New Zealand has long been the world’s imagined lifeboat – and increasingly for something more than just escape, writes Elle Hunt.
One Friday morning in January 1847, Charles Dickens wrote to his friend John Forster that he was “disposed to go to New Zealand and start a magazine”. The quote was circulated in an editorial by The Listener last week as the seed of the idea whence it came. But Dickens’ comment – made after a poor review in the “good old Times” of London had left him sleepless, irritable and “hardly able to work – came from a place of exasperation, not serious inquiry. Forster wrote of Dickens: “soon he sprang up, as usual, more erect for the moment’s pressure”.
Dickens’ passing remark reminded me of those I hear with some regularity in London: “Time for the cabin in the South Island,” posted beneath a story about Brexit or Trump or global warming; the cheery chorus of “Let’s all move to New Zealand!” whenever any of the three crop up at the pub or a dinner party. It’s heartfelt, but said with all the sincerity of Homer’s suggestion that the Simpsons flee to under the sea.
No one ever actually intends to relocate to New Zealand, as I find when I launch into advice for aspiring emigrants. Yet we know, whenever there’s a shock upset in global politics – Brexit, Trump, or a new, always equally evil Australian prime minister – Google searches for “how to move to New Zealand” spike. The BBC reality show Wanted Down Under has wrung 13 seasons out of disillusioned Brits imagining a better life in the Antipodes. Even 172 years ago, Dickens’ response to a bad review was to escape to the other side of the world.
For members of the middle classes watching their own countries’ decline with dismay, New Zealand – peaceful, English-speaking and, most importantly, geographically remote – is their imagined lifeboat. This has long been the case, according to 20th century Kiwi critic and historian Eric Hall McCormick, who wrote that New Zealand in the 1800s “became the focus of a stock Romantic sentiment that, though Europe might be decadent or even doomed, in the newer countries across the ocean its civilisation would be renewed and perpetuated”.
Now that at least Britain’s doom seems inevitable, it’s no wonder that New Zealand has been reaffirmed as a distant symbol of hope. Even the global appetite for news of Nigel the lovelorn gannet and frenzies over impending Ikea suggests enthusiasm for a place where those are the biggest stories of the day. Of course locals know that that was never the case, that New Zealand is not a utopia – but it’s understandable that foreigners reach for that faraway fiction when their reality is “Food shortage warning in event of no-deal Brexit” or “How to Get Children Out of Cages” or “Mass shootings: The most American way to kill and die”.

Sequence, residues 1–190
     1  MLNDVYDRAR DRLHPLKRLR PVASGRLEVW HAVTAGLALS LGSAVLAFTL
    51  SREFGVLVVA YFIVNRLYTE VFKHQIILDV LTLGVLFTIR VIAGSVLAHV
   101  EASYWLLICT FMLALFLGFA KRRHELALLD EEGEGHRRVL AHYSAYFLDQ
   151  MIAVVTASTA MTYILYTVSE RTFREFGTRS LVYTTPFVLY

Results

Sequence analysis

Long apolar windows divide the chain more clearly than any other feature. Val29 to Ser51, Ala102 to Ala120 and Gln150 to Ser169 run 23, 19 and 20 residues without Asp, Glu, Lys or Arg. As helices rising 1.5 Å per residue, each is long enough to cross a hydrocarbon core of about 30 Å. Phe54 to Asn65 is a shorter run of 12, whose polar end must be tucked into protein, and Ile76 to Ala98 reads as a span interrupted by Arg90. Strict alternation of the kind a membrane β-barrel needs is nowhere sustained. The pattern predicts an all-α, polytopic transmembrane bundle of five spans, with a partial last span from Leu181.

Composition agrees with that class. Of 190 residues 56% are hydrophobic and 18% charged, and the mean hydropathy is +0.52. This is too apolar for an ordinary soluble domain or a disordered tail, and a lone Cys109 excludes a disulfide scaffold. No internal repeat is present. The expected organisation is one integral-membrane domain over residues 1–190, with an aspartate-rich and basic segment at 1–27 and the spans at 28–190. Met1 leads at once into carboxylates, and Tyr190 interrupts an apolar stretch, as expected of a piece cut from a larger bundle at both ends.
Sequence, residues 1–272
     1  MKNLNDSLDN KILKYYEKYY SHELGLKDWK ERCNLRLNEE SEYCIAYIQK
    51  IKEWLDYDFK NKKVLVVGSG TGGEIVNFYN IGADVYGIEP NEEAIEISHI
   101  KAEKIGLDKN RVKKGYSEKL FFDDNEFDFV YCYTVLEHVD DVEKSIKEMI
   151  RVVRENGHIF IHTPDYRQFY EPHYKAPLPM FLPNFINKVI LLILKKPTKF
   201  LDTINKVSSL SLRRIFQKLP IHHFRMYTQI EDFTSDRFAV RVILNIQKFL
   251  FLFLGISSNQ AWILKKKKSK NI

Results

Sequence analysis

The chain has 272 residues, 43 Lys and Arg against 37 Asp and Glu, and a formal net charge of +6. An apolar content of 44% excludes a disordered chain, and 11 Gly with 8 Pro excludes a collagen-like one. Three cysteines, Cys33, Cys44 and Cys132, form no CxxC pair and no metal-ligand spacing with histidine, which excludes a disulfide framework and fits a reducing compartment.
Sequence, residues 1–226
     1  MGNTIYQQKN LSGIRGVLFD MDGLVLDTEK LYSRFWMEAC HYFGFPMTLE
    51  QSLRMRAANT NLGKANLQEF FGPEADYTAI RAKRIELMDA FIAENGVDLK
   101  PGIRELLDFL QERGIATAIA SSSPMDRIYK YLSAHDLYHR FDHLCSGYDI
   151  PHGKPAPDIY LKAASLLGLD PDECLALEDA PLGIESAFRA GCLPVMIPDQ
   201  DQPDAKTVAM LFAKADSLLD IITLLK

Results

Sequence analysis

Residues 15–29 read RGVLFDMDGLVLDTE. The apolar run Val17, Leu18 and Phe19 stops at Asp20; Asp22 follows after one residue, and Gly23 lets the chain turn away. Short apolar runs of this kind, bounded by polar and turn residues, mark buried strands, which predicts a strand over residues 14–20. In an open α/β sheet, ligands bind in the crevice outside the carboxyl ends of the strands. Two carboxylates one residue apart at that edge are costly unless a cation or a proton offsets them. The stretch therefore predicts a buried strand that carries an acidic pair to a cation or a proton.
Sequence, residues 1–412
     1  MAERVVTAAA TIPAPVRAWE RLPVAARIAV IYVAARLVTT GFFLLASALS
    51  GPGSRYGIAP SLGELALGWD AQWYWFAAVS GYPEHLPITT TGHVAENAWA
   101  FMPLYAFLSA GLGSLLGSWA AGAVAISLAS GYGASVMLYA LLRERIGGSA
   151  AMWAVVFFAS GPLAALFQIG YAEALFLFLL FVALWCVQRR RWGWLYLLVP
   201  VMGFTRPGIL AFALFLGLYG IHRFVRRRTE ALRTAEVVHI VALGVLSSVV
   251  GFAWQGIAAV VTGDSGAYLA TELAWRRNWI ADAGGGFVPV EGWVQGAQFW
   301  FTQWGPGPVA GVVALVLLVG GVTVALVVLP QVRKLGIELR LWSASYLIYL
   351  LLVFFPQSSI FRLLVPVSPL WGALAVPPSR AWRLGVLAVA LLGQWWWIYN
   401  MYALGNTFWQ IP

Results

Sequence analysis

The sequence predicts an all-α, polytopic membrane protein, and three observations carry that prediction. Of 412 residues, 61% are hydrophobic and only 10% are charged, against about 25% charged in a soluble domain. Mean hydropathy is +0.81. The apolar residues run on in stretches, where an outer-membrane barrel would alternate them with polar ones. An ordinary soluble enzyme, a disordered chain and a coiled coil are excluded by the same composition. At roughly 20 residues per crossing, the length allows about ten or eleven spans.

Jacinda Ardern is often received as the physical embodiment of this progressive paradise, regarded with open envy by leftwing voters, parties and media that would love to be led by a “pretty communist” – a recent opinion piece in Guardian Australia swooned imagining Ardern as “prime minister of Australasia”. The reality of her leadership and life under her government is undoubtedly different to what Joe Nunweek called the “good feeling” that surrounds it: poverty remains an intractable problem that disproportionately affects Māori, and the standoff over Ihumātao reflects disillusionment that this government has their concerns at heart.
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Nevertheless, the fact remains: at a time when Britain is wilfully pursuing a recession, while the US sits on its hands over gun laws, Australia does the same with its detention policy, and both with climate, New Zealand is taking several steps in progressive directions.
Abortion may, finally, be treated as a health issue, not a criminal one. Next year’s referendum might see recreational and medicinal cannabis legalised. An euthanasia bill passed its second reading, 70 votes to 50. Nearly $2 billion was earmarked in the budget for mental health services, including for depression and anxiety – the biggest investment on record. The PM, the privacy commissioner and chief censor are taking hard lines against extremist and violent forces online, and companies at home and abroad are listening. And the response to the Christchurch attacks, a test of unprecedented tragedy, was swift, uncompromising and compassionate.
Of course, I’m following all this from afar; I am sure that on the ground it is not without controversy or questions, and much of it may not come to fruition or achieve the desired result. But having wondered if New Zealand would ever reform its abortion, drug and euthanasia laws as a student journalist nearly a decade ago, I can’t help but feel cheered to even see those issues now on the table. From where I’m sitting in Boris Johnson’s Britain, doomed to never wake up from this Brexit nightmare, it makes me feel a rare glimmer of hope to see cross-party politicians even debating the possibility of a more humane world. And the rest of the world is paying attention.
This year there has been a notable downturn in “Odd Stuff” escapism coming out of New Zealand, less fuel for idle imaginations longing to escape the world on the shores of Lake Tekapo, and more news of bills, budgets and big ideas to make it a better, fairer place to live, at a time when that seems to be very low-ranking in most governments’ priorities. New Zealand is not a utopia – it never has been, and on many fronts, as always, there is more to be done. But it’s increasingly a place where people might actually, meaningfully aspire to live – and not just in comparison to everywhere else.
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